The mask input is on the side of the node. The label on the connector indicates the plane being used as a mask.
The mask input can also be scaled to fit the output image’s resolution, if they differ. If this node is changing constantly, and the mask is not, it is somewhat faster to put a Scale COP down to do the resize for the mask image. Otherwise, the scale will occur every time this node cooks.
Collapsible Pixel Operation
This is a collapsible pixel operation. When placed in sequence with other collapsible pixel operations, the operations are combined into one operation at the final node in the pixel operation sequence. This is known as a collapsible pixel operation chain.
Image data flowing through the chain is only quantized at the end of the chain. This allows the intermediate operations to produce and carry values outside the normal range of the pixels' data format, with floating point precision. The net result of this is a reduction in quantization error and black/white clipping (especially useful for integer formats).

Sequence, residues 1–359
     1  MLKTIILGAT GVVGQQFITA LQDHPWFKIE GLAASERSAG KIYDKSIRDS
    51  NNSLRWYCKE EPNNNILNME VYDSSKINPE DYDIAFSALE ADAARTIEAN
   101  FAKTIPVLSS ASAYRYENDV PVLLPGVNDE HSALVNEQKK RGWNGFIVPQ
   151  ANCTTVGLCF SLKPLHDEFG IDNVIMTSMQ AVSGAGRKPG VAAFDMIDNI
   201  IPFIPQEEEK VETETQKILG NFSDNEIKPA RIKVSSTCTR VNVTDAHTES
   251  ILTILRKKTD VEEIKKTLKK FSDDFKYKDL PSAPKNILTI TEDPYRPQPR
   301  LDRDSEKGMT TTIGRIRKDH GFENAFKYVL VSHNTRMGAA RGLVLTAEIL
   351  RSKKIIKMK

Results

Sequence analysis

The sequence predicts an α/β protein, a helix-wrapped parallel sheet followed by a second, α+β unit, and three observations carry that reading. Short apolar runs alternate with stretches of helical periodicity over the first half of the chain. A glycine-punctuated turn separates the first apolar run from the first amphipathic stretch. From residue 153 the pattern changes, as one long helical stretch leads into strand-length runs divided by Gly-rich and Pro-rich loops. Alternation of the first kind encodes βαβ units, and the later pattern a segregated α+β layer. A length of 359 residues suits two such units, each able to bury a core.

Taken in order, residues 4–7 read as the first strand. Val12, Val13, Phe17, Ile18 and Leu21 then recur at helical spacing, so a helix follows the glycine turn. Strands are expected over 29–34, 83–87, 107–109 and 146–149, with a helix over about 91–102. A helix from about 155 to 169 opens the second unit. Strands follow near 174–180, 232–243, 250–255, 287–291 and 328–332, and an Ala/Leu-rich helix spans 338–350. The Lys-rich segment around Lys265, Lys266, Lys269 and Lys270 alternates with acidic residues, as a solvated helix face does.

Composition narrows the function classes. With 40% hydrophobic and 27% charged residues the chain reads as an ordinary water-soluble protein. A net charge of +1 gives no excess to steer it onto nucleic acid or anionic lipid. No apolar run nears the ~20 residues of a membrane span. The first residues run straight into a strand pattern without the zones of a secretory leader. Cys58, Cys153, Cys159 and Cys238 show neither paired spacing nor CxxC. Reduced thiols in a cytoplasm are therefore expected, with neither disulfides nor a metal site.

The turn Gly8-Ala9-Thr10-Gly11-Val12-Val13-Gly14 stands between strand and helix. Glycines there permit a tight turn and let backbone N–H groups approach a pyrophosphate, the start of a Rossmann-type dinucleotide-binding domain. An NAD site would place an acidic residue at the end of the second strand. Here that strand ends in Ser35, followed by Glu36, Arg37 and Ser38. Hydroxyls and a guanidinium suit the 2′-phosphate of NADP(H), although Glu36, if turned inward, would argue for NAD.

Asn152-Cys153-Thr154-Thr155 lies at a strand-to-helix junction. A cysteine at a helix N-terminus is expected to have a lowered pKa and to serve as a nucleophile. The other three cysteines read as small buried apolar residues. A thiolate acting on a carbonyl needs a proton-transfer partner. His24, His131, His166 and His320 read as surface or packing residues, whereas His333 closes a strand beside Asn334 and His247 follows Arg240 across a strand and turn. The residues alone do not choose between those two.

Collapsible pixel operations are recognizable by the light blue background color of the node’s icon. If a node of a different color is inserted between two collapsible COPs, the chain will be broken at that point and the operations will not collapse anymore.
Collapsible pixel operations are maskable and scopable. If one operation in the chain is masked, but the others are not (or do not share the same mask), the chain will be 'broken' at that point and quantization will occur at that node. Differences in scoping does not cause a break in the chain.
The math function to perform.